My Tinder date was a master’s student from Valencia called Anna (her name wasn’t really Anna, of course, I’m not a sociopath). When I arrived at the appointed meeting place, she told me I was far more handsome IRL (“in real life”) than my pictures suggested. I was flattered and full of praise for the directness of continental Europeans but also thought sadly to myself: “If only the same could be said about you.”

Anna and I became friends, at least for a while. The date wasn’t a success in the traditional sense of leading us into a contract based on exclusivity, an accumulating cache of resentments and a mortgage, but it had put me back in the game (an appropriate metaphor – people speak regularly of “playing” with the app).

According to Sean Rad, the co-founder who launched Tinder in late 2012, the service was invented for people like me. “It was really a way to overcome my own problems,” he told the editor of Cosmopolitan at an event in London last month. “It was weird to me, to start a conversation [with a stranger]. Once I had an introduction I was fine, but it’s that first step. It’s difficult for a lot of people.” After just one outing, I’d learned two fundamental lessons about the world of online dating: pretty much everyone has at least one decent picture of themselves, and meeting women using a so-called hook-up app is seldom straightforwardly about sex.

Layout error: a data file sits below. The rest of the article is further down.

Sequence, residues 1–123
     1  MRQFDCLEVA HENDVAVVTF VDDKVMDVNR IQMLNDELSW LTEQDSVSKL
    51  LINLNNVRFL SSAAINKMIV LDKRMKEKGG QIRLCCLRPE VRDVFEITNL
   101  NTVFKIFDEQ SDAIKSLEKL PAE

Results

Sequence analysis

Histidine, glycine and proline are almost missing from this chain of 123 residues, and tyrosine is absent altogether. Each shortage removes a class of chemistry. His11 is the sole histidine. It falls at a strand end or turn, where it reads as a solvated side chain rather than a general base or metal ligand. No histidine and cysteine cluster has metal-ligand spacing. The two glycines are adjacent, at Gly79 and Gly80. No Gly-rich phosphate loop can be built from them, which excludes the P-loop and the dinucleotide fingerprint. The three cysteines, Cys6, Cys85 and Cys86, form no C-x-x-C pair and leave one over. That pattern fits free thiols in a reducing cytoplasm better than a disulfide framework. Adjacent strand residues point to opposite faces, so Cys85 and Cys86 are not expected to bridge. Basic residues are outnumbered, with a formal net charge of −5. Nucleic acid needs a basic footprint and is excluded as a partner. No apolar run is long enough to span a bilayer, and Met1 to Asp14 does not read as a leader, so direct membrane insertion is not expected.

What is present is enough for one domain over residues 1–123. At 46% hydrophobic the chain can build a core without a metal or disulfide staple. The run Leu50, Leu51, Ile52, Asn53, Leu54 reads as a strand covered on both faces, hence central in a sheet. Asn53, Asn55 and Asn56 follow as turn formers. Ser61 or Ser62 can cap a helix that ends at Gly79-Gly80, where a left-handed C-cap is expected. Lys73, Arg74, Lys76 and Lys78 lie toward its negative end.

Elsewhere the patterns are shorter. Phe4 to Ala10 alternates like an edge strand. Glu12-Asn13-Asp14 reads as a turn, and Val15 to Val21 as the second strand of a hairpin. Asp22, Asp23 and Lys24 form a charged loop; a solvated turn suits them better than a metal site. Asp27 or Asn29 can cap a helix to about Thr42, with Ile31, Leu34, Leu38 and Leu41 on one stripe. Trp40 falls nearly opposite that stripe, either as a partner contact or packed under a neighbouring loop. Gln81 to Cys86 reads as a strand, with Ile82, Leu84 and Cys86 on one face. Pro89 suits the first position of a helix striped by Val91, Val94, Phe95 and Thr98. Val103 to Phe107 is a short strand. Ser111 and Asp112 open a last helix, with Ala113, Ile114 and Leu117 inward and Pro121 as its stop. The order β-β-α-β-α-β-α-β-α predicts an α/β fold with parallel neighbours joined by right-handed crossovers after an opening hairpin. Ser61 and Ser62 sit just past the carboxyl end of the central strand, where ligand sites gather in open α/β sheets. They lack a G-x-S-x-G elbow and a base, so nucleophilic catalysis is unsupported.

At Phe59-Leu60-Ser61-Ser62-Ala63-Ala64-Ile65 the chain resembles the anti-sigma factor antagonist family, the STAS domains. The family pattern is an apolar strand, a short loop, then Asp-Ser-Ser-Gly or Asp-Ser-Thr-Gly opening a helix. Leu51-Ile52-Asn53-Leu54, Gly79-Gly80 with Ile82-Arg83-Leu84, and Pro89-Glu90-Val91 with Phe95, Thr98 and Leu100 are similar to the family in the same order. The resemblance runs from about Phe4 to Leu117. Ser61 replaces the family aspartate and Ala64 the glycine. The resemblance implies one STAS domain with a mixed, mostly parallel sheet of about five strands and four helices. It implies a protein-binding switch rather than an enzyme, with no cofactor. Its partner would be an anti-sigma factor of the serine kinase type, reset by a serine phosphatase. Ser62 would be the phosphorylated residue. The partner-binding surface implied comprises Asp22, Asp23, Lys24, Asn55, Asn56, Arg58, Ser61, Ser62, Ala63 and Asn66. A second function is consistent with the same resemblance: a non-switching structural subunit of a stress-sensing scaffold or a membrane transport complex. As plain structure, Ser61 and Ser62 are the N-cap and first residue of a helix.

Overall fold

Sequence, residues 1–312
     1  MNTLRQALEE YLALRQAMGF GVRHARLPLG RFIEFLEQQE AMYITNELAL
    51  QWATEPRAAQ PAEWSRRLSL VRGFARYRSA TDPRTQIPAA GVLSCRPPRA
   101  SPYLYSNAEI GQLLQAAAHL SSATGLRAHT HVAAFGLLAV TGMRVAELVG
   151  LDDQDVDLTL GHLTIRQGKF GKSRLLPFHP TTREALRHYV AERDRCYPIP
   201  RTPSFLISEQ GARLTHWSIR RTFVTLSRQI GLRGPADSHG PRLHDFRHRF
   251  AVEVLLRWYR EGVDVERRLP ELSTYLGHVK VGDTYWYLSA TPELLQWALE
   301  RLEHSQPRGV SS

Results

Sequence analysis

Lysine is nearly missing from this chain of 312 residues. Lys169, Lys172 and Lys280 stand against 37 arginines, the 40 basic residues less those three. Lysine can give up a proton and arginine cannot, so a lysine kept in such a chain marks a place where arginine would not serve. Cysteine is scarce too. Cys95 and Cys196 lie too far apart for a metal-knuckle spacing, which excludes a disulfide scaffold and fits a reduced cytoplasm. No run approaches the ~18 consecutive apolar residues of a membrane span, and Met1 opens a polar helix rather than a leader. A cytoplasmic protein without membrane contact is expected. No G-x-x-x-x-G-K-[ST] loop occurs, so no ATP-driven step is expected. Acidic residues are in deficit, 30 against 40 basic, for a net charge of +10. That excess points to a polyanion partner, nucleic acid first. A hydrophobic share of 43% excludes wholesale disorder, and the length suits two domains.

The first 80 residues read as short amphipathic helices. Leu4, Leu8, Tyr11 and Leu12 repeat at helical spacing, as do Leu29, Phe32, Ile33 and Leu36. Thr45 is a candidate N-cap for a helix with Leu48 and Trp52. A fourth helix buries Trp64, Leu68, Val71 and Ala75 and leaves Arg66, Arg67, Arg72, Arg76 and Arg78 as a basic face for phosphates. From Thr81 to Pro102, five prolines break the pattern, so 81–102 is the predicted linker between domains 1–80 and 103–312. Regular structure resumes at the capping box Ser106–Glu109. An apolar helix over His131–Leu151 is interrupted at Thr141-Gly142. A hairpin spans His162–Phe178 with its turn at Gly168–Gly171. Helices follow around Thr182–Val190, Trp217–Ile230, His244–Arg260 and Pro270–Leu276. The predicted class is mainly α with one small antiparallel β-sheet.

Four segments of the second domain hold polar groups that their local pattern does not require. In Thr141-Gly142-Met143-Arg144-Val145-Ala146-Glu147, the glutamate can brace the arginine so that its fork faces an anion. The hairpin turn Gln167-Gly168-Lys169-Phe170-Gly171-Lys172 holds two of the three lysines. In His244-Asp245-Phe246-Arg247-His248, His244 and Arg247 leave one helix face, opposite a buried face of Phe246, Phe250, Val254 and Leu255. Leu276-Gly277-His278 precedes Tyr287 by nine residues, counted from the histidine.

Although sometimes it is. My second Tinder date took place in Vienna. I met Louisa (ditto, name) outside some notable church or other one evening while visiting on holiday (Tinder tourism being, in my view, a far more compelling way to get to know a place than a cumbersome Lonely Planet guide). We drank cocktails by the Danube and rambled across the city before making the romantic decision to stay awake all night, as she had to leave early the next day to go hiking with friends. It was just like the Richard Linklater movie Before Sunrise – something I said out loud more than a few times as the Aperol Spritzes took their toll.

When we met up in London a few months later, Louisa and I decided to skip the second part of Linklater’s beautiful triptych and fast-track our relationship straight to the third, Before Midnight, which takes place 18 years after the protagonists’ first meet in Vienna, and have begun to discover that they hate each others’ guts.